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Wednesday, March 08, 2017

How to handle DEPRESSION in KIDS

Written by: Dr Maymunah


YES, KIDS CAN BE DEPRESSED TOO

…What to do

Firstly let’s look at a complaint sent to my email inbox.  

Dr Maymunah,

I’m troubled, very troubled and I need urgent help. My 13 – year – old daughter is having serious issues with her emotions. She cries for no reason, fights at any available reason, and has even stopped talking to us for the past two days.

All attempts to communicate with her has failed. Recently, her grades in school have been so poor that the authorities of the school have advised that she quit. She was seen last week by the school's clinical psychologist who said she is depressed and that she should see a psychiatrist for proper management.

Doctor, does a 13 – year – old have depression, how?

My daughter is the happiest child I know, though her behaviour is changing, but depression at this age? Please help us.

Mrs. Esther
Lagos.

Growing up is full of challenge and opportunity, starting and changing school, making new friends, going through puberty and preparing for exams. Some children take the change in their stride. For others, adaptation is harder, causing stress and even depression. If you are worried that your child might be depressed, read on.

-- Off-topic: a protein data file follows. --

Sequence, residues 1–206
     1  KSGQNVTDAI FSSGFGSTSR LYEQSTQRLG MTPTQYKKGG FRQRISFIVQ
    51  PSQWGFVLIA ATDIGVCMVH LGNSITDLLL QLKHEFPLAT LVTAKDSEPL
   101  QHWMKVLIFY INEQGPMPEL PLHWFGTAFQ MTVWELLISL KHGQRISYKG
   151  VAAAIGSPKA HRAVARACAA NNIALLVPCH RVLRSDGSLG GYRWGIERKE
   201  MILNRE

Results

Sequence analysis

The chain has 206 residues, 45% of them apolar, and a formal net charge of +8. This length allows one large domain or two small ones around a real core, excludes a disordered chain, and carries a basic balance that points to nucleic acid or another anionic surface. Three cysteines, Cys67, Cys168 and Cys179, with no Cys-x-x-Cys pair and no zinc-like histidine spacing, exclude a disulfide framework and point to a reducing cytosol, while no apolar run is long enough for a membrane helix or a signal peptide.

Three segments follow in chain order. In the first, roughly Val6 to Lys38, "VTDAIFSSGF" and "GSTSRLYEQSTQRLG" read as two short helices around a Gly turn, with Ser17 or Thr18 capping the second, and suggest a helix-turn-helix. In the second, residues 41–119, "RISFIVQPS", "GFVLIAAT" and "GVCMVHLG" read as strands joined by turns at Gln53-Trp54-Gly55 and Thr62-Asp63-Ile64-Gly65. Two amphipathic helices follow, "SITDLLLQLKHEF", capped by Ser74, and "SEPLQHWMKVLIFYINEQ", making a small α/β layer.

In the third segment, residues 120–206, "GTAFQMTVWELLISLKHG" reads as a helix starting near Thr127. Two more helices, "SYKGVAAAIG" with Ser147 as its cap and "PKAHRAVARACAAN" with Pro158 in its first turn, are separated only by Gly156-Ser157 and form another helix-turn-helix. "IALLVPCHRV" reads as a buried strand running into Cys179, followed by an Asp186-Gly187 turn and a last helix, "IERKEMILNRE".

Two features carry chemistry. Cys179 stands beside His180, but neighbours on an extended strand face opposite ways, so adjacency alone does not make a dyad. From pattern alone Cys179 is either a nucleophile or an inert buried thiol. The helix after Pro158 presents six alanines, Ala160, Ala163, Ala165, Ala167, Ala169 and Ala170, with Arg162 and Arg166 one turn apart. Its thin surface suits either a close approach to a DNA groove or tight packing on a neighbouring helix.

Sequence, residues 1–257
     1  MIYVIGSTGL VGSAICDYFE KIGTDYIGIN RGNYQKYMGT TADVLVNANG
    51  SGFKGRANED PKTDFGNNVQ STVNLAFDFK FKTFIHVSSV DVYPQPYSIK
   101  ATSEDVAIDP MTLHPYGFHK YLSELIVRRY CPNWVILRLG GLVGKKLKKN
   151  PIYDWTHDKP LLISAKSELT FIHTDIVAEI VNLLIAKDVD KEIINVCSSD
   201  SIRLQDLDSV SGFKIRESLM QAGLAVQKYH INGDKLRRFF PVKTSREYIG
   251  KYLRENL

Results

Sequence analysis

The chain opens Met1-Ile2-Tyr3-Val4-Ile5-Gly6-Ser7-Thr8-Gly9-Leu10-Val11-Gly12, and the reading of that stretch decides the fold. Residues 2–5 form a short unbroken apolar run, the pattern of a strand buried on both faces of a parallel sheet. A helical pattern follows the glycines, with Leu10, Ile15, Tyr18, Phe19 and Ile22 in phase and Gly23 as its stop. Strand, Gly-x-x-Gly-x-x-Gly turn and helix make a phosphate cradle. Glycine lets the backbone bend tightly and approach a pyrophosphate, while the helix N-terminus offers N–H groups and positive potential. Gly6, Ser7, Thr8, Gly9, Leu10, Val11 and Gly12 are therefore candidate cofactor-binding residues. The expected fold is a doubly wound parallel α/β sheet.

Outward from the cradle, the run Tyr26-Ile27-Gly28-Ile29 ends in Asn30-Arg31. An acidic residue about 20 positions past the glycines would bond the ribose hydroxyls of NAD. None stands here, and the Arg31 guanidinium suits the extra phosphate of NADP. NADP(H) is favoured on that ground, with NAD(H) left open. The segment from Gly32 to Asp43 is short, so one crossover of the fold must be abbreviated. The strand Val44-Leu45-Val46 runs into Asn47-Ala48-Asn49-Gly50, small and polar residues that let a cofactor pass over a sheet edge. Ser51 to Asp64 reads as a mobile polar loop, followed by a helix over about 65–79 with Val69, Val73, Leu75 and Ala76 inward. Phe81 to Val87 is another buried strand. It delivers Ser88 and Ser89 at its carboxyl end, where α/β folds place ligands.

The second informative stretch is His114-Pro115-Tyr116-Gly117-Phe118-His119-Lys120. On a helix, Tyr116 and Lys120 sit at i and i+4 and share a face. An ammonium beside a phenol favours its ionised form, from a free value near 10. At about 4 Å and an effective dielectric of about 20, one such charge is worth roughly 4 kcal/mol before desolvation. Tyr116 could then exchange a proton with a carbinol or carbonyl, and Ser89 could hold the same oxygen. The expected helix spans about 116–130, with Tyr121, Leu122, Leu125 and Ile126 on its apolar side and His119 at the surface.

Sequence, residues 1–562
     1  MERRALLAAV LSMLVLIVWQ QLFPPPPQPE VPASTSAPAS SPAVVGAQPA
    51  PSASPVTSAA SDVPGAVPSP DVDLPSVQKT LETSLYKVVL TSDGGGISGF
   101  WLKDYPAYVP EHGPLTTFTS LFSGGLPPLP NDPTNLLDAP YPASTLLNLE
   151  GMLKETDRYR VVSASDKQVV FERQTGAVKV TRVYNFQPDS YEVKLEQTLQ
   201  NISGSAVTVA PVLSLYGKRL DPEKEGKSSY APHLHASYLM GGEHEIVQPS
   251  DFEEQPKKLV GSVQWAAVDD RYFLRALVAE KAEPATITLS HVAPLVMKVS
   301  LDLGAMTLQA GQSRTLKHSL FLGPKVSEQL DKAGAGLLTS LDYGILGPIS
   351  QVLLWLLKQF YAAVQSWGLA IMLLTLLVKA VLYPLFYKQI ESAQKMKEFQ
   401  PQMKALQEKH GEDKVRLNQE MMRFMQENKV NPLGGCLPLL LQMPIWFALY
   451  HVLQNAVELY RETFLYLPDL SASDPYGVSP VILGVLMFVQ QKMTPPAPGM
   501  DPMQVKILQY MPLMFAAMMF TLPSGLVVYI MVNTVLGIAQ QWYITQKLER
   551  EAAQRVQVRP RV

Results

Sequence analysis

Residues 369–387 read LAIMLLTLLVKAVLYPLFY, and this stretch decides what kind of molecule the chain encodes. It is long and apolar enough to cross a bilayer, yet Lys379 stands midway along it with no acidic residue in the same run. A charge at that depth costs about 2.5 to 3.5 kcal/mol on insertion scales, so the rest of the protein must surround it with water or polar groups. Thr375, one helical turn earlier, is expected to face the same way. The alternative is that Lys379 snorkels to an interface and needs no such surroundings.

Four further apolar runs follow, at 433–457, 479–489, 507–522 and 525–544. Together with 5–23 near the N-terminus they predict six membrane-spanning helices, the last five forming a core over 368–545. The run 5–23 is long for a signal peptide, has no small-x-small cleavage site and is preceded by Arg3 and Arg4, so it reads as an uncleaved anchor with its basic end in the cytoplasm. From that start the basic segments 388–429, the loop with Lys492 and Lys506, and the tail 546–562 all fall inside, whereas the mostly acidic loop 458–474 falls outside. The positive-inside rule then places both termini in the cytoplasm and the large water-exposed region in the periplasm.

Here are some of the things you should know:
Depression is an illness characterised by persistent sadness and a loss of interest in activities that you normally enjoy, accompanied by an inability to carry out daily activities, for at least two weeks. 

Additional signs and symptoms of depression during childhood include withdrawal from others, irritability, excessive crying, difficulty concentrating at school, and a change in appetite or sleeping more or less.

Younger children may lose interest in play. Older children may take risks that they would not normally take.

Depression is both preventable and treatable:
These are some of the things you can do if you think/know your child might be depressed:

-  Talk to him or her about things happening at home, at school and outside of school. Try to find out whether anything is bothering him or her. Talk to people you trust who know your child.

- Seek advice from your health – care provider.

- Protect your child from excessive stress, maltreatment and violence.

- Pay particular attention to your child’s well-being during life changes such as starting a new school or puberty. Encourage your child to get enough sleep, eat regularly, be physically active, and to do things that he or she enjoys.

- Make time to spend with your child.

- If your child has thoughts of harming him or herself or has already done so, seek help from trained professional immediately.

Remember: If you think your child might be depressed, talk to him or her about any worries or concerns, and seek professional help if needed.

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